I have an interest in every client of mine. I take the time to build a rapport with my client, find out how their skin behaves and the products that work for their skin tone/type. From a conversation with my client, I am able to make an informed decision about what products I use for them. It is important to be customer focused.



How would you make a uncomfortable client feel comfortable?

(Background for question: Many women don’t feel too comfortable with makeup artists because they are worried that they will look like a completely different person afterwards.  They can feel like they do not have any control in the process. I know that was always a worry of mine. It even made me wary of applying makeup because I just wanted to look like a better version of myself, not a completely different person)

‘It is important to keep your client involved in the process, and I constantly reassure my clients that I am listening to their concerns and worries, especially to those who are new to makeup.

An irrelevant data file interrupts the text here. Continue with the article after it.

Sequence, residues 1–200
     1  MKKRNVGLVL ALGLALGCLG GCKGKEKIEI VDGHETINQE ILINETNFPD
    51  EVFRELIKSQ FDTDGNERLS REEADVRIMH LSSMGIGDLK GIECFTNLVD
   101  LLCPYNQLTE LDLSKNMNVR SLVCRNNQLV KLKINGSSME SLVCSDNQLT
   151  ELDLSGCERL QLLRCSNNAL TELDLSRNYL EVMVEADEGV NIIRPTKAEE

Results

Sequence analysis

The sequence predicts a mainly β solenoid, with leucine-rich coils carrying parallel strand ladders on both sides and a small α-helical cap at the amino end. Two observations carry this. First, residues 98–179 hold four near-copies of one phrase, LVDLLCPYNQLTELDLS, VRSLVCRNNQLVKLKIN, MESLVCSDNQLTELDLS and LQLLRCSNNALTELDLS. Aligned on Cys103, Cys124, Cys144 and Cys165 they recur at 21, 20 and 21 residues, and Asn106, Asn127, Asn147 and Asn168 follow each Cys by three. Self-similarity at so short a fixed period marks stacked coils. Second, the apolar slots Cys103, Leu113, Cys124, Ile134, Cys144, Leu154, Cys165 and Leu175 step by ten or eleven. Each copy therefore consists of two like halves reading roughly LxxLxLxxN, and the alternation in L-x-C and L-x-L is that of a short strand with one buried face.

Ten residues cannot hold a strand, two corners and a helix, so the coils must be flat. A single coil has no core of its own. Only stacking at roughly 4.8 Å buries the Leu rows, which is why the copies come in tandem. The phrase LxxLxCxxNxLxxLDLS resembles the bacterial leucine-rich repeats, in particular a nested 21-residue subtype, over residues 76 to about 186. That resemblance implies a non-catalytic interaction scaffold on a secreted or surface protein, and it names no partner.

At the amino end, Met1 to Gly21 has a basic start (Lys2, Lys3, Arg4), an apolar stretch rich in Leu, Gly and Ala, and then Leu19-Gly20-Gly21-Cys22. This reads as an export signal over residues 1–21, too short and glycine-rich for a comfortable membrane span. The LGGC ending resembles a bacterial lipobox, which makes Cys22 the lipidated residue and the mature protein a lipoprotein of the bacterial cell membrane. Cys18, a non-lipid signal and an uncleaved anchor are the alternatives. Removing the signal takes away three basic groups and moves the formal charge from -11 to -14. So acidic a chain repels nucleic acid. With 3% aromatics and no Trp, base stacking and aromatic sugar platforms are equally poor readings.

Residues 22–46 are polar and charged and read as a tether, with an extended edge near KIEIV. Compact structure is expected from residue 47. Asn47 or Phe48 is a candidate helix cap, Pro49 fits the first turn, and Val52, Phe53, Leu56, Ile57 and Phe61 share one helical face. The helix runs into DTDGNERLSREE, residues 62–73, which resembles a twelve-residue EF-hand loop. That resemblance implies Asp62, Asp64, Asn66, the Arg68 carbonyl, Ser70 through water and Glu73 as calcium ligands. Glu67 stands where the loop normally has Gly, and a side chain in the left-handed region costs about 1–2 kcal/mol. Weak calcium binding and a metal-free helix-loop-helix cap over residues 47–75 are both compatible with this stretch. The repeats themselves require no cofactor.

I think this is what separates a normal makeup artist to an exceptional one. It is something that I learnt from MAC. I ask alot of questions about the look that my client is going for, especially for weddings. I find out in a non-intrusive manner what type of person they are. We are all different, some people like the full on glam look, while others like a more natural look. It helps the client to feel calmer and more in control. You have to be a people’s person in this business. I give a step by step guide in the mirror of what I am doing, and what products I am using. I find that when the client trusts me, they are more willing to let me continue doing their makeup without feeling tense. When people feel comfortable, they feel beautiful.’